Friday, 3 July 2020
Community services providing vital supports to vulnerable people throughout the COVID-19 pandemic and bushfire crisis are now at risk because of NSW Government funding shortfalls.
The community services sector serves as a lifeline to vulnerable people in the community, providing emergency shelter, support to women facing family violence, and food for those in financial distress.
NSW Government indexation shortfalls over recent years mean many non-government organisations that are providing these supports will not be able to cover mandated minimum wage rises.
A 1.75 per cent increase in the minimum wage for these workers comes into effect from 1 July and the NSW Government’s continual indexation shortfalls mean organisations will be forced to cut services and reduce staff at a time when demand for their services is increasing.
NCOSS CEO, Joanna Quilty said these organisations have stepped up and done the heavy lifting during the current crisis and must be supported and valued by the state government.
“We are urging the NSW Government to support those who have supported the most vulnerable through the COVID-19 pandemic and bushfire crisis,” Ms Quilty said.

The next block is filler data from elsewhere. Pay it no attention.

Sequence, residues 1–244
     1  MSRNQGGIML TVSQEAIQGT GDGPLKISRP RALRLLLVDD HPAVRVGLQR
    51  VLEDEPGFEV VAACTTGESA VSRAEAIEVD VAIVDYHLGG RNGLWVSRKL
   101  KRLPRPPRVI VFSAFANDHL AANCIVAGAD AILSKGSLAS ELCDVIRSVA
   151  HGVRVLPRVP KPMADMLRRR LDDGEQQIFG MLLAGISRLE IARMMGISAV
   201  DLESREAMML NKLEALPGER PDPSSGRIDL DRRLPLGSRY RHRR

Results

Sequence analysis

“These workers deserve to have their pay go up, they deserve to have their work valued, and they shouldn’t have to beg the NSW Government every year to cover these modest wage increases.
“The government relies on these services to support the most vulnerable, and they should do them the courtesy of providing adequate funding that covers their wages each year. This should just happen.
“Politicians pay goes up on a regular basis, and so should the pay of workers in the community services sector, but they should not have to cut services to the most vulnerable to manage it.
“We have vulnerable people copping the brunt of the pandemic, we have JobKeeper and JobSeeker payments coming to an end, and these organisations are doing the heavy lifting.
“Now is the time for the NSW Government to step up and acknowledge the good work that this sector does and pay them adequately for it.
“These services already run on a shoestring and this is not the time to ask these services to do more with less.
“We have seen the NSW Government move decisively to support many vulnerable communities during the COVID-19 pandemic, and we urge them to provide the most basic level of funding to those helping the most in need.”
As well as this, a recent report by Social Ventures Australia (SVA) and the Centre for Social Impact (CSI) found substantial job loss could result as organisations struggle to fundraise and seek sponsorship during COVID-19.
Media contact: Nick Trainor 0407 078 138
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